Coalition Avenir Quebec Leader Francois Legault said Sunday he was on “solid ground” with his immigration proposals, despite having incorrectly answered a question on the subject.
Legault drew criticism on Saturday after making a mistake on how long a permanent resident had to wait before applying for citizenship.
On Day 25 of Quebec’s election campaign, he told a Montreal-area news conference that he wouldn’t have been a very good game show contestant, and that he should have researched the question instead of answering.
“Maybe I wouldn’t have won ‘Genies en l’herbe’ yesterday,” he said, referring to a Radio-Canada trivia show who name translates to ‘Budding geniuses.’ He added that he should have taken the matter under advisement rather than answering incorrectly.
However, he went on to make another mistake when he said Canada’s test for new immigrants comes when they apply for permanent residency, rather than citizenship.
“(The test) is before, to have permanent residency, I’ll double check to be certain, I’ll take it under advisement,” he said.
Immigration is a central tenet of Legault’s party platform, which includes a proposal to reduce immigration by 20 per cent and require new arrivals to pass a French and values test within three years of arriving as a condition of staying in the province.
Legault said Sunday he’d spent “almost all night” reading about the federal-provincial accord, which he plans to renegotiate with Prime Minister Justin Trudeau if he is elected.
Despite his factual errors, he insisted he was on “solid ground” when it comes to immigration.
Predictably, the two other party leaders piled on Legault for his mistakes again on Sunday, with Parti Quebecois Leader Jean-Francois Lisee suggesting Legault’s answers should “disqualify” him from being elected.
“You’re not ready to be premier when you don’t know the basics of your main file,” Lisee said.
Liberal Leader Philippe Couillard, for his part, said his rival only brought up immigration “solely to cause squabbling and division.”
Relationships between the province and Ottawa were also a theme for Lisee on Sunday, who ventured into Ontario to pitch his party as the best one to defend Quebec’s interests.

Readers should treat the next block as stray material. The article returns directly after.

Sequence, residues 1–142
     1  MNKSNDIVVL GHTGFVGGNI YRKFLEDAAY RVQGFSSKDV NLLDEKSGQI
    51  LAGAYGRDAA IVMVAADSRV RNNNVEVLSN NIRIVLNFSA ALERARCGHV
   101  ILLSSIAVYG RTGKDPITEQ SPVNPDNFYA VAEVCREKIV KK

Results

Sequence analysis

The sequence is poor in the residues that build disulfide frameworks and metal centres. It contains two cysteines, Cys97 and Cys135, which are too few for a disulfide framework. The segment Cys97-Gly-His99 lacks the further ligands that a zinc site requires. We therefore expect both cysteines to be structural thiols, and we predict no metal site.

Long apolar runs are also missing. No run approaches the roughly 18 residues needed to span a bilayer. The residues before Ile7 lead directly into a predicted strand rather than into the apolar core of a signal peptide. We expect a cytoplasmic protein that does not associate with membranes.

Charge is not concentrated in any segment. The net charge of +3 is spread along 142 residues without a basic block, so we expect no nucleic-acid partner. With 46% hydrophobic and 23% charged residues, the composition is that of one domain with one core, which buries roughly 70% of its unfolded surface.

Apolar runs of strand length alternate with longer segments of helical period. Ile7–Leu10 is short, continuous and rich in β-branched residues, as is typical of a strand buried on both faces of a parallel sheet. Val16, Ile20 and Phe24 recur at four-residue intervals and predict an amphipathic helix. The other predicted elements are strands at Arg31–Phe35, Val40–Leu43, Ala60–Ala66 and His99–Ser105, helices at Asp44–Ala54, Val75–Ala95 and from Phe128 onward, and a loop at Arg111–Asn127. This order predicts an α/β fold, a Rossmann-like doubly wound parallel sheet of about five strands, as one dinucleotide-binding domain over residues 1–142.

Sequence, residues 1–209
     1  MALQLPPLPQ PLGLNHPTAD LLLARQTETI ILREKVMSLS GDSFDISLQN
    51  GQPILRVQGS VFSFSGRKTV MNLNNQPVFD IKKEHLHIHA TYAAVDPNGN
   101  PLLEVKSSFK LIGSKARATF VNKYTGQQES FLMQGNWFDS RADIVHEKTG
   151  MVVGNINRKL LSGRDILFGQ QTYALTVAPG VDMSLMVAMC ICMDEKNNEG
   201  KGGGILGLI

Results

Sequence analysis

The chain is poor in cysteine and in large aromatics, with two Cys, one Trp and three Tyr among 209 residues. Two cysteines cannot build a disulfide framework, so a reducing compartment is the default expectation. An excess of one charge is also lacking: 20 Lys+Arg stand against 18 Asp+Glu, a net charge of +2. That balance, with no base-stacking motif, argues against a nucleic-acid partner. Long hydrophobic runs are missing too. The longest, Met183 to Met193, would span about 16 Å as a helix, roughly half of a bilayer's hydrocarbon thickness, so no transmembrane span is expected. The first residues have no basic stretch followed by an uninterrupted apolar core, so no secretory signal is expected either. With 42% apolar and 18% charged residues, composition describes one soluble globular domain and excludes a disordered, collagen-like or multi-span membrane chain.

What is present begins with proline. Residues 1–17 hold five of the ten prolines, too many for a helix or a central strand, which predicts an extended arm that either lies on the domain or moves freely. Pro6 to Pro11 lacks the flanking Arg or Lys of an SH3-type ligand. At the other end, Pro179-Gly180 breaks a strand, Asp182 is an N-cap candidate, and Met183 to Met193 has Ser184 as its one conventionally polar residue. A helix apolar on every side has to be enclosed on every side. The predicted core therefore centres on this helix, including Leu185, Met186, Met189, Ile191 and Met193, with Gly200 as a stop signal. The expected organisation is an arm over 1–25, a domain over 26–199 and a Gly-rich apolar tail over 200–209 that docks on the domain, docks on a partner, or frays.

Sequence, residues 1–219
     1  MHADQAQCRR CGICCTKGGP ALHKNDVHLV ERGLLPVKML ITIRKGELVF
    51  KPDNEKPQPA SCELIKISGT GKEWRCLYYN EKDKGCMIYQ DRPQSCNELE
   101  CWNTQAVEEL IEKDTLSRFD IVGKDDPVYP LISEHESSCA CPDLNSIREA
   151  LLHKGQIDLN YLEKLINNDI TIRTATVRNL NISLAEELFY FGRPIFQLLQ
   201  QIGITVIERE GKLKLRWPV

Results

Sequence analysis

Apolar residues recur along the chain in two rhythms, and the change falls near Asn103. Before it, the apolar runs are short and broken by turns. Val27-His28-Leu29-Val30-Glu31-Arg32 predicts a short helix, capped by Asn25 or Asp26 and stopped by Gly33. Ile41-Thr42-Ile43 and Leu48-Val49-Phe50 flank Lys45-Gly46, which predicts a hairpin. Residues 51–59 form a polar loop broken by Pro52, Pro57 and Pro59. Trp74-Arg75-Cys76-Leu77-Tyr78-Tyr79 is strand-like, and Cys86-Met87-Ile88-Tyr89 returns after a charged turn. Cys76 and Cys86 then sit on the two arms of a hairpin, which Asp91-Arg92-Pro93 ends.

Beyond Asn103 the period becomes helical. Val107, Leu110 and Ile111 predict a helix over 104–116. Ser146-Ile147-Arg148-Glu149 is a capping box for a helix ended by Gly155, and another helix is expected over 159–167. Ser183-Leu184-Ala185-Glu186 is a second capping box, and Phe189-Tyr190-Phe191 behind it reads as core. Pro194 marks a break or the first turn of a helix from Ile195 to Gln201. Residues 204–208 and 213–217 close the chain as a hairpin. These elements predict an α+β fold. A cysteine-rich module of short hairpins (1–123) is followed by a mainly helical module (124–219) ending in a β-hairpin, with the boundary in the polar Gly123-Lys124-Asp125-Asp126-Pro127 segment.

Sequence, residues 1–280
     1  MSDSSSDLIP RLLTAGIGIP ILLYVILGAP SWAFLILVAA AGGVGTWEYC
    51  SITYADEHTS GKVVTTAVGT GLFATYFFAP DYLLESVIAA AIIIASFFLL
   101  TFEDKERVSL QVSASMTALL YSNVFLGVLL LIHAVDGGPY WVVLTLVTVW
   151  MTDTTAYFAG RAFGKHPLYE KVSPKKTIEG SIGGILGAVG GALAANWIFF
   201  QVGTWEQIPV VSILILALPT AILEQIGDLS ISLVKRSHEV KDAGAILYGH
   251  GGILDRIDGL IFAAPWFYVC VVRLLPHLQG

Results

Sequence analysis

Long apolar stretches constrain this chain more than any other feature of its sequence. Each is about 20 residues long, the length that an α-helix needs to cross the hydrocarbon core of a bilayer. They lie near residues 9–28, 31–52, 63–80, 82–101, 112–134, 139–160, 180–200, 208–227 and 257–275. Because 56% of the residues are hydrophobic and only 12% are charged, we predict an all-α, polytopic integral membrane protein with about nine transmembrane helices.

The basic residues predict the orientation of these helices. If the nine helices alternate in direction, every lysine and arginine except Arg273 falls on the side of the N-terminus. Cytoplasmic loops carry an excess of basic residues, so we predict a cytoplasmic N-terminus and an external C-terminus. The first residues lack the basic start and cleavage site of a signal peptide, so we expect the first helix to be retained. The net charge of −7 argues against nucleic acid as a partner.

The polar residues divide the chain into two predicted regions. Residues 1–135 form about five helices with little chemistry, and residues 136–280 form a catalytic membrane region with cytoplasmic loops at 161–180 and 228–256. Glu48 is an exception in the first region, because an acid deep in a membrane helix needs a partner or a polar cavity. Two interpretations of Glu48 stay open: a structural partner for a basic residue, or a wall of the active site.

Standing outside Parliament in Ottawa, Lisee said he would use the threat of a referendum to scare the federal government and get the best deal for the province – an option not available to the Liberals or the Coalition.
In the shadow of the Peace Tower, he argued that Quebec is being shortchanged some $2.6-billion by Ottawa each year, and that he is the best person to recover the money.
“We’re in a relationship of force, and the only argument left to Quebecers is to have a pro-independence party in power, everything else has failed,” said Lisee, who has promised not to hold a referendum in his first mandate.
Meanwhile on Sunday, Couillard unveiled a plan to charge Quebec sales tax on all companies that sell goods in the province, including foreign ones.
Currently, Quebec charges tax on Canadian companies and those who provide “intangible goods,” such as the streaming service Netflix.
Using the example of Amazon, Couillard said he would require companies outside the country to also register to pay sales tax to Revenu Quebec.
He seemed to have trouble explaining how he’d compel foreign companies to sign up to pay, before finally saying packages wouldn’t be delivered unless a company complied.
Legault announced he would spend $1.2-billion per year over five years to renovate and enlarge Quebec’s schools, which is lower than the Liberals’ planned investment of $1.5-billion.
When asked about the discrepancy, Legault said he could get the job done within the budget he proposed, adding the Liberals’ promises were “not credible.”
With files from Patrice Bergeron in Coteau-du-Lac, Stephanie Marin in Ottawa, and Caroline Plante in Quebec City